My rating: 4 of 5 stars
It has looked so far to be a year of exceeded expectations.
When Innsmouth Free Press sent me a copy of this book to review I wasn’t expecting a great deal from it to be completely honest. A press release sent along with the book mentioned a bit of the history and, rather than being a new publication, this is the first print release of a book originally released in 2007 as an eBook only.
A lot of people are currently reexamining the place of eBook only publishers and print-on-demand publishers in our society. Originally such publications were seen as “vanity” presses, because whatever else the mass-print-publishing industry may do, or not do, it acts as a quality filter of sorts. It may reject perfectly good books, and occasionally let pure tripe slip through, but on the whole it manages to weed a lot of the wheat from the chaff. Traditionally then those who sought publication through non-traditional channels, particularly to the point of self-funding, did not get the “indie cred” enjoyed by independent musicians, artists or movie-makers, but were rather seen as second-rate hacks incapable of securing a real publishing deal – because often they were.
So it was with this attitude, outdated though it might be, that I approached the urban fantasy thriller Fraterfamilias. What I instead got was catapulted into a very well developed world, populated by real people with extraordinary problems.
The first, and most important, feature of this book is the characterisation. The book is written from the perspective of several protagonists, and one very creepy and well-written antagonist, and despite the peculiarities of some of them they were all believable and for the most part likeable. In no time at all you really begin to care about these characters and are stuck wondering what will happen next, and what their real history might be. I connected so much with these characters and was so interested in uncovering more and more of their background that I found I couldn’t put the book down, and that alone puts it in rare company in my own collection – up with books such as Jim Butcher’s Dresden series, the early Laurell K. Hamilton’s and my William Gibson’s.
There weren’t any astoundingly new ideas here, in fact the central premise may well have been lifted entire from the Highlander series of novels, though slightly altered. What sets this story apart is the colour and loving detail brought to these ideas, this world, and the characters than inhabit it.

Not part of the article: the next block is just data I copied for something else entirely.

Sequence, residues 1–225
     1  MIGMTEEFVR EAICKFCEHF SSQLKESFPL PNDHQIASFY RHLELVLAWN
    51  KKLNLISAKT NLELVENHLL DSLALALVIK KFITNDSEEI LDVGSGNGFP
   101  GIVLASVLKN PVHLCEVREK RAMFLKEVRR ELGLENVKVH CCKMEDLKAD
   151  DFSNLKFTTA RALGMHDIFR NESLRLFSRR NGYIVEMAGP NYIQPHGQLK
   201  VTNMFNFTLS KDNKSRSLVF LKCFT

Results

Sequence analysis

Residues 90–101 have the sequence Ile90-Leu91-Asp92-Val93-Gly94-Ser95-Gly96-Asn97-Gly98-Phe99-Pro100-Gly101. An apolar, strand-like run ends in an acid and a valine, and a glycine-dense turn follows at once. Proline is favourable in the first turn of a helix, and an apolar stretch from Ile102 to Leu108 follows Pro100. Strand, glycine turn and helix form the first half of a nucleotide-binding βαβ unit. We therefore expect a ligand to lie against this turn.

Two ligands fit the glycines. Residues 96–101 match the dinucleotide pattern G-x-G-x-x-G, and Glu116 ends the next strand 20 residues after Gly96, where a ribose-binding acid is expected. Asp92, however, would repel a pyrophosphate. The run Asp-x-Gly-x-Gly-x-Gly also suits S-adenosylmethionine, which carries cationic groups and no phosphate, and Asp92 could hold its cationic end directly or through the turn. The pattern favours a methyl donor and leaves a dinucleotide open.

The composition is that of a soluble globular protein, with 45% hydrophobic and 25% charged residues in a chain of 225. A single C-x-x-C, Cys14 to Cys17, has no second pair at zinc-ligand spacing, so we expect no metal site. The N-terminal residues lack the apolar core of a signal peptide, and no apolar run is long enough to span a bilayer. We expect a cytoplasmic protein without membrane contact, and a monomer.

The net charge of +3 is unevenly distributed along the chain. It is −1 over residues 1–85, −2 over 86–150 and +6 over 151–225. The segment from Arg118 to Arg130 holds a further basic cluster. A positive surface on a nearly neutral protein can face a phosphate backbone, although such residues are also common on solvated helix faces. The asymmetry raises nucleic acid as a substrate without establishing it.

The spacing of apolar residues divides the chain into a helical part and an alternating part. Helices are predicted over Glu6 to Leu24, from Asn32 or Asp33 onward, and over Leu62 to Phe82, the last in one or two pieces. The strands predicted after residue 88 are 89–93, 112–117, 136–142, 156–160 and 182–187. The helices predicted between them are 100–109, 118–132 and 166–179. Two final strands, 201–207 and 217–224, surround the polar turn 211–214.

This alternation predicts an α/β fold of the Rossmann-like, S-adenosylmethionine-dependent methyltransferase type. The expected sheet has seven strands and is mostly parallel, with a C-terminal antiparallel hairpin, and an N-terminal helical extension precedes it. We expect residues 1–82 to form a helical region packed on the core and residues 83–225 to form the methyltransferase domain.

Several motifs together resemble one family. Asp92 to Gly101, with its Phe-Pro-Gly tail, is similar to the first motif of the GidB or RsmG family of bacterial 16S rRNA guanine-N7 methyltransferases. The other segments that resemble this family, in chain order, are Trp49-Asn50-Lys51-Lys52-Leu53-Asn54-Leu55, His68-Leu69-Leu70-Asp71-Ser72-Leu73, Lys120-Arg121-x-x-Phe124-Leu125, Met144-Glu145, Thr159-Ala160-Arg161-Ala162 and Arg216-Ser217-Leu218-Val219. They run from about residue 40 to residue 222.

The book isn’t perfect however. Some of the situations seem a little contrived, and there were some relationships in particular that strained credibility; such as the readiness with which Jonah and Ballard, the interpol agents were able to accept the advanced age of Kedward and his brother Paul despite it being completely outside reality as we know it. Pushing even more at the boundaries of believability were the incredible leaps of logic that Jonah had to take to work out on his own, to the point of absolute belief, that he was the great grandson of Paul Farrell.
Despite this however, the characters and story is so engaging that the reader finds themselves able to suspend disbelief through the discordant notes and keep turning the pages, onward to the next revelation, and so on through the entire book.
The only real gripe I had by the end of the book was the feeling of disappointment I got when I had finished, when I knew there was no more to be read. So much was set up in this book, so many issues unresolved and character arcs unfinished. The main antagonist himself, known as the Inquistor and the Dominican, amongst other names, is perhaps the most fascinating character in the entire story and yet, despite being a dark and overarching influence on events, filling the other characters with fear and pushing events to suit himself, he remains mostly ineffectual and has very little real impact on the events at all. We are also left with a bit of a cliffhanger, with Paul riding off towards Seattle to lose himself and Kedward in custody, looking for a way to escape the men in white coats.
It seems quite obvious that what was planned here was a series of Urban Fantasy books, with a world so detailed and believable that it rivals the greats of the genre, and even better; is populated with all too human monsters instead of dipping into mythology for vampires and werewolves to distance the horror from ourselves a step.
Unfortunately, this book will have to go up with Firefly on my list of great works that could have been. Like Firefly, it is a wonderful start to a series full of dangling plot threads, fantastic history and evil antagonists ready to pursue our heroes wherever they may flee until some promised showdown sometime in the distant future, and like Firefly it is unlikely ever to come to fruition. Amongst the acknowledgements of this book is the note that one of the two credited authors here passed away of cancer in 2007, and so it seems unlikely that this series will continue, impossible for it to continue with the same authors in any case.
I think, in the end, this is a great loss to all of us genre readers, and I know I personally will be haunted for a great while by the ghosts of what might have been.
This was a great story, and deserves a place in any collection. If, like me, you’ve become a fan of the rapidly growing contemporary fantasy genre, treat yourself to something refreshingly different and give this novel a try. You wont regret it.